My primary research interest is efficient and scalable reasoning systems for very expressive description logics, including the logic which forms the theoretical foundation of the World Wide Web Consortium’s Web Ontology Language (OWL). In addition to my theoretical work, I am a part of the team developing HermiT, a reasoner for OWL ontologies.
I am currently working to complete my DPhil dissertation, which is (currently) titled Scalable Reasoning for Description Logics. I plan to submit my thesis in January 2010.
Before coming to Oxford I did similar research at the University of Manchester as a member of Manchester’s Information Management Group and that group’s Description Logic clique. While there, I managed the “Semantic Web Language Extensions” work package (number 2.5) of the EU KnowledgeWeb project, and in most cases served as Manchester’s representative within other work packages.
Prior to that, I developed the Cerebra reasoner while leading technology development at a small start-up company (called Network Inference and located in London when I joined, and called Cerebra, Inc. and located in Carlsbad, California when I left). The company was subsequently acquired by WebMethods, which in turn became a part of SoftwareAG; I have no idea what the status of the Cerebra reasoner is these days. During my time there I had some involvement with the W3C RDF Data Access Working Group, which went on to produce SPARQL.
I also spent a few years with Transversal in Cambridge, England, working on adapting natural language processing technologies to the problems of web content management.
I’m a member of Linacre College and currently serve as the college’s Common Room Information Technology Representative. I also had an eventful tenure as head resident of one of Linacre’s houses from 2008 to 2009.
For reasons even I have trouble fully understanding, I’m an active member of the Oxford University Athletics Club, and have represented the club in a number of competitions for which they couldn’t find anybody else willing to show up, in events ranging from hurdles to pole vault to hammer throw. Throughout the 2008--2009 season I was the squad leader for Oxford’s throwers.
I grew up in Rhode Island but have spent most of my time in the UK since early 2001.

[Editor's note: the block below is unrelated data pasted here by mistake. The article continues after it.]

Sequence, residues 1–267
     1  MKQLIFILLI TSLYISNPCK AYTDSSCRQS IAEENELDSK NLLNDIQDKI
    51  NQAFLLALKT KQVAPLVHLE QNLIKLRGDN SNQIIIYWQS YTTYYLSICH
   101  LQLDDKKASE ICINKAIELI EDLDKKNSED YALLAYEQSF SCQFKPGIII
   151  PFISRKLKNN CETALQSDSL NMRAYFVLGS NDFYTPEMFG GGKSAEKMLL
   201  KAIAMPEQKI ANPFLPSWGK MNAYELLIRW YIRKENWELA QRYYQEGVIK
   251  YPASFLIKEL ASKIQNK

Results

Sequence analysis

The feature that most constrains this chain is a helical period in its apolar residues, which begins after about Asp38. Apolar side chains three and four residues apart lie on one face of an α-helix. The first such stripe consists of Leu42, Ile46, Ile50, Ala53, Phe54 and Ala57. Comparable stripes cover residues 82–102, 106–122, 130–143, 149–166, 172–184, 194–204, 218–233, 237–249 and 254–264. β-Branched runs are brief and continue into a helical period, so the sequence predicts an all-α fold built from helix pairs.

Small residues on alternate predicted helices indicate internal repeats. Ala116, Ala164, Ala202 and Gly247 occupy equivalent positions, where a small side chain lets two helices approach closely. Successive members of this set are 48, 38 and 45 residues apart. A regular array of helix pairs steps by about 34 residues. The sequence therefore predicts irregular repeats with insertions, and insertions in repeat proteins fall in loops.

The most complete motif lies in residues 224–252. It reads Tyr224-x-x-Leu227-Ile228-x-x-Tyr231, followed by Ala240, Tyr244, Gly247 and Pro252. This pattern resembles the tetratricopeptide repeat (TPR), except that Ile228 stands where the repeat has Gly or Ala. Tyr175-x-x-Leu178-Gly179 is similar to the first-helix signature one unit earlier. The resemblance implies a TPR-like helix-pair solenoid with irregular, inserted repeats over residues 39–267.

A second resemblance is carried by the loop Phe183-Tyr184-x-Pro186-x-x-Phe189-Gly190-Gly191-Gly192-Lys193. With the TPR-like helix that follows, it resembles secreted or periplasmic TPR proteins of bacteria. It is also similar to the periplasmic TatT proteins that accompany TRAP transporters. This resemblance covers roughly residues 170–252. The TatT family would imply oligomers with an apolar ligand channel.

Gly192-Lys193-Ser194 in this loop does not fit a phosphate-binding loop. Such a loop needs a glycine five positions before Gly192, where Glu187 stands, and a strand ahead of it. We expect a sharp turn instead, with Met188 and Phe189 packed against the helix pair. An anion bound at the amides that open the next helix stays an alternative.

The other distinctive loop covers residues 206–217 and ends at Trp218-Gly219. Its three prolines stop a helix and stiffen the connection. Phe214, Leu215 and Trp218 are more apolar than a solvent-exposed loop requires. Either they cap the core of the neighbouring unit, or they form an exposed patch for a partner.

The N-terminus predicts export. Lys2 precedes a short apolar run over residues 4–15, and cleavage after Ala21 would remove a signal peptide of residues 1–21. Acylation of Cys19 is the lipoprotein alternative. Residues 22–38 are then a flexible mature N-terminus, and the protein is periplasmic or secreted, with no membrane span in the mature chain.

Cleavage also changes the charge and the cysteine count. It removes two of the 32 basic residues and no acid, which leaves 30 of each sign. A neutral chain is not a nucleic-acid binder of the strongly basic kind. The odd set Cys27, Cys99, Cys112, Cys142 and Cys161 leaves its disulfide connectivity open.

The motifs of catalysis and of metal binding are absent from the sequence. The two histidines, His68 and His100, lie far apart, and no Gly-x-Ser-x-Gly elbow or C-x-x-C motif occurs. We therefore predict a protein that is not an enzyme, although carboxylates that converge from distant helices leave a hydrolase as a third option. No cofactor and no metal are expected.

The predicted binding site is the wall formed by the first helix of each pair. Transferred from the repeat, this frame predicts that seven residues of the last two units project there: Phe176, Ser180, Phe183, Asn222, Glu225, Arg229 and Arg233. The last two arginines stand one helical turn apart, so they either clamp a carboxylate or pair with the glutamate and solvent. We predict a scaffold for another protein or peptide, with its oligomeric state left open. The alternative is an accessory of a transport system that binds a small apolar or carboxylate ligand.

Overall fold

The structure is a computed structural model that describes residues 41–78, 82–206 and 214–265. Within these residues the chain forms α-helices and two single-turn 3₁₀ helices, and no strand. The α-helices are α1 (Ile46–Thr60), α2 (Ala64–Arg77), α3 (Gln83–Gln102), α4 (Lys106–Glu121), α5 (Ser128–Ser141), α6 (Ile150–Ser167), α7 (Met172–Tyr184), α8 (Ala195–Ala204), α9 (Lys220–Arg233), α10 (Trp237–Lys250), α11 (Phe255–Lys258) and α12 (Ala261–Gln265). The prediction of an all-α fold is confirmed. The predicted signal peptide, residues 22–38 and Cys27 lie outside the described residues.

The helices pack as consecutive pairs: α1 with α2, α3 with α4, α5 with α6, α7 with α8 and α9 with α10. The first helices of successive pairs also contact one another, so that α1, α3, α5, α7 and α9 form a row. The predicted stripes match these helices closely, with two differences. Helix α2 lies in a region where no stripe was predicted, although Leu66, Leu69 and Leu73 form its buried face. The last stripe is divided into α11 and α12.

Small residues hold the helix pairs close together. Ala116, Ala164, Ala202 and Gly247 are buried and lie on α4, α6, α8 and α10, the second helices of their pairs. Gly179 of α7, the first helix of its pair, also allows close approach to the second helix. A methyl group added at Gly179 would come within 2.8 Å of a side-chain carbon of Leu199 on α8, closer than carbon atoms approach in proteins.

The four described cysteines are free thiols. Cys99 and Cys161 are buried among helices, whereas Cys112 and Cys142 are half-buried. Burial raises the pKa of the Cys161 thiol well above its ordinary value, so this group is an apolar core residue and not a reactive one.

Exploiting Partial Information in Taxonomy
Rob Shearer and Ian Horrocks
Professor Ian Horrocks received an honorary doctorate from the University of Oslo.
The paper entitled "Foundations of Declarative Data Analysis Using Limit Datalog Programs" and authored by M. Kaminski, B. Cuenca Grau, B. Motik, E. V. Kostylev, and I. Horrocks received the best paper award at the 26th International Joint Conference on Artificial Intelligence (IJCAI'17).
Three papers co-authored by the KRR group have been accepted in
- "Query Reformulation: Theory and Practice" by M. Benedikt, E. V. Kostylev, F. Mogavero, and E. Tsamoura;
- "Foundations of Declarative Data Analysis Using Limit Datalog Programs" by M. Kaminski, B. Cuenca Grau, B. Motik, E. V. Kostylev, and I. Horrocks; and
- "The Bag Semantics of Ontology-Based Data Access" by C. Nikolaou, E. V. Kostylev, G. Konstantinidis, M. Kaminski, B. Cuenca Grau, and I. Horrocks.
The paper entitled "Benchmarking the chase" authored by Michael Benedikt, George Konstantinidis, Giansalvatore Mecca, Boris Motik, Paolo Papotti, Donatello Santoro, and Efthymia Tsamoura has been accepted in PODS'17.
Andrew Bate has successfully defended his PhD Thesis on Consequence Based Reasoning. Congratulations to Dr. Andrew Bate!
Our paper entitled "Semantic Technologies for Data Analysis in Health Care" received the Best Applications Paper Award at the International Semantic Web Conference (ISWC 2016).